Friday, June 12, 2009

Current Day Eyesore A Lovely Memory

Simplicity is the ultimate sophistication.
Leonardo DaVinci

My very dear friend from Amarillo was shocked to discover that growing up my family hung our sheets on the line. That I cherished the clean scent and crisp texture of the sheets after a day in the fresh air and sun.

"Didn't you have a dryer," she asked in horror.

I returned the look of horror. Of course we had a dryer, but no one put their sheets in it. Dryers were for underwear, socks, and soft towels. Jeans. Had she never known the joy of sleeping in cotton sheets that had hung in the sun and absorbed the fresh scent of the day? Had she no idea how much fun it was to linger and hide among the sheets lined up on the clothesline? Perfect kick-the-can hiding place. Had she never experienced the sound of a back door opening and a mother yelling at the top of her lungs - Get out of my wash!

Perhaps if I'd grown up in West Texas, where the wind and dust can blow for days, I might share her dismay. But where I grew up, everybody's mother, grandmother, and aunt hung their sheets on the line. Even hung them in the basement in the winter.

In the warmer months, a homemaker could show off her skills with the art of a well hung wash, sheets neatly pinned in taut lines. With no fences to keep them from knowing who lived next door, many a woman gathered in their yards to converse with their neighbors, discuss their lives, and, of course, notice any dingy or poorly hung washes. Hanging outside also offered a cure beyond the Clorox bottle - the sun bleached the wash and made the whites whiter while they waved in the daylight.

A recent article from the Green, Inc. blog on the New York Times website asked if clotheslines might come back in style to save energy costs or would opposition to them as an eyesore quell that idea. What? Eyesore? I felt the writer hadn't done her homework. (A reading of the article suggests she is looking for us to provide the homework.) No discussion of the fact that clothes last longer when they are hung as opposed to dried in a dryer. That they keep their shape better, that slipping in between the crisp sheets that have been air dried is a sign of clean freshness. That detergents promise on the front of the boxes that they can satisfy the Clothesline Fresh concept.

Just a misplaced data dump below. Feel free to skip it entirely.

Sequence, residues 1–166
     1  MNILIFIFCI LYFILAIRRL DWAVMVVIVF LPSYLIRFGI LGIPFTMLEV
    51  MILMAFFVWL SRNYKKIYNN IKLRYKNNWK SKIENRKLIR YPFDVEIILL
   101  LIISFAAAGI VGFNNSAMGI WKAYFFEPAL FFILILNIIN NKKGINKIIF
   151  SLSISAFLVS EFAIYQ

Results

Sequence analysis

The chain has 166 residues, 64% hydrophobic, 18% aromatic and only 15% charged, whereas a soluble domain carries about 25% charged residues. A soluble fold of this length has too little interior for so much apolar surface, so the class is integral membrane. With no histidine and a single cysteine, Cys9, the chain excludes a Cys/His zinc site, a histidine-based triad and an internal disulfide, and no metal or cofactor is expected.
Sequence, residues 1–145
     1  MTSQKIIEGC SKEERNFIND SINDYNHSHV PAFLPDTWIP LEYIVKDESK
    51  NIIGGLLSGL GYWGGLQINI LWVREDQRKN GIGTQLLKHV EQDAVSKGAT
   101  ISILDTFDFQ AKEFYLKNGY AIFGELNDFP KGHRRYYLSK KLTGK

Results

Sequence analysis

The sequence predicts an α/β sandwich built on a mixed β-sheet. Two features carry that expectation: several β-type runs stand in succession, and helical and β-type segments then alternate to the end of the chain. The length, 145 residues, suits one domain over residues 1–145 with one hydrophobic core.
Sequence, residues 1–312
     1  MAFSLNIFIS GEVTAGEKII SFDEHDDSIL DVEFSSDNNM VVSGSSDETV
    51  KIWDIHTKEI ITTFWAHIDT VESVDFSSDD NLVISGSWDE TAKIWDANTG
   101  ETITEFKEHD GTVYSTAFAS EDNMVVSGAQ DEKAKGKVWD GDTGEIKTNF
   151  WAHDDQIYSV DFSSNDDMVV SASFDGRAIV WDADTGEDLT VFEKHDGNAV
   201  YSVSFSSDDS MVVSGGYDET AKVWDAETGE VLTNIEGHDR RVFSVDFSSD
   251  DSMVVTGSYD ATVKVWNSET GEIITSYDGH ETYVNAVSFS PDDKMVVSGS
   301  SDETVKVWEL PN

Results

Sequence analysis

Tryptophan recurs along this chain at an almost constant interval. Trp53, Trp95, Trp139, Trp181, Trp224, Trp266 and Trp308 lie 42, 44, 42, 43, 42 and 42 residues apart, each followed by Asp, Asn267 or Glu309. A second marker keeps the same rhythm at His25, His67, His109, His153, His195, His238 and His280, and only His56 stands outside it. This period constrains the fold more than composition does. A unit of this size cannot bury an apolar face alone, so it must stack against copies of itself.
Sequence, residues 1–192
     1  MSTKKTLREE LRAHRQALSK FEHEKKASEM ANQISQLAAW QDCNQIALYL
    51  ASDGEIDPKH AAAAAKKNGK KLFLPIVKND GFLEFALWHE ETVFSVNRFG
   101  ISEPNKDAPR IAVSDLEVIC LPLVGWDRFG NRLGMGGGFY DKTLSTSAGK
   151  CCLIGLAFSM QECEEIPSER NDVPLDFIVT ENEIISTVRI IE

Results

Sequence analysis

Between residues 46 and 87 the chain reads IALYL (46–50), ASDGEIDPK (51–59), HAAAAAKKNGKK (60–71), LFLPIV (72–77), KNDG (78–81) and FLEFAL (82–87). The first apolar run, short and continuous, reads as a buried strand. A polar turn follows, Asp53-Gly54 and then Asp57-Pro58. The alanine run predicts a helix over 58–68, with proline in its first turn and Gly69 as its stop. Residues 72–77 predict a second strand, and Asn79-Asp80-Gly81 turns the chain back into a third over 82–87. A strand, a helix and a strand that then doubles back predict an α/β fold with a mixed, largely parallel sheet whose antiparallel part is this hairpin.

And an eyesore? Did you know there are neighborhoods that actually ban clothes line poles in their deed restrictions as they are considered - what? I don't even want to think what they might be considered. Sort of like people who think vegetable gardens are a tacky advertisement of not being able to afford food. Or that pink flamingos in the front yard are somehow a big zit in the neighborhood.

I have a clothes line that is strung between two large trees in my backyard. I'd like to say I use it regularly, but I don't. When I do, I wonder why I don't take more time for this easy delight. I gain a gentle, methodical pleasure while hanging a wash. The matching of the corners of the sheet, reaching for the clothespin, shaking the wrinkles out to tautly connect to the lines. And then, at day's end, to fold them into my basket and bring the sweet smell of summer into the house.

Easier, faster to throw them in the dryer? Absolutely. But just as washing dishes by hand can provide therapy when the waters from the faucet pour soothingly over my hands, the time taken to hang a wash can bring a similarly simple joy. Not to mention a visual reminder of work well done as the hanging wash sways in the breeze, free of the dryer's buzz.

Economic aid? Certainly. Eyesore? Not in my mind's eye. Both too simple an explanation for a complex joy and healing touch so easily attained.


  1. There is nothing like sinking your face into a pillowcase that was tried on a clothesline on a breezy, sunny day!

    I still have a clothesline that I use mostly for my husband's shirts; he loves how they feel and smell. You know something? I wouldn't want to live in a place where clotheslines and veggie gardens are banned. That's the problem with some communities these days anyway - people live in subDIVISIONS instead of NEIGHBORhoods.

    Thanks for this post. We seem to think alike on many things.

    I hope you have a great weekend,

  2. Living on a farm in the Yorkshire Dales - out in fine countryside - I do not own a drier. I hang my washing out on a line, in blows in the breeze and, as you say, smells wonderful. I still take a pride in getting my white washing WHITE - I think the death knell was sounded really when automatic washing machines came in - there is such a temptation to throw everything in together. I just love to see a line full of pure white sheets, towels and pillowcases blowing in the breeze. I suppose I am old fashioned - but I don't care!

  3. I have NEVER lived where I didn't have a clothes line! I would not want to either!
    I hang everything thing except our dress clothes out, weather permitting!

  4. I love the feel and smell of clothes dried on a line in the sun. Especially towels.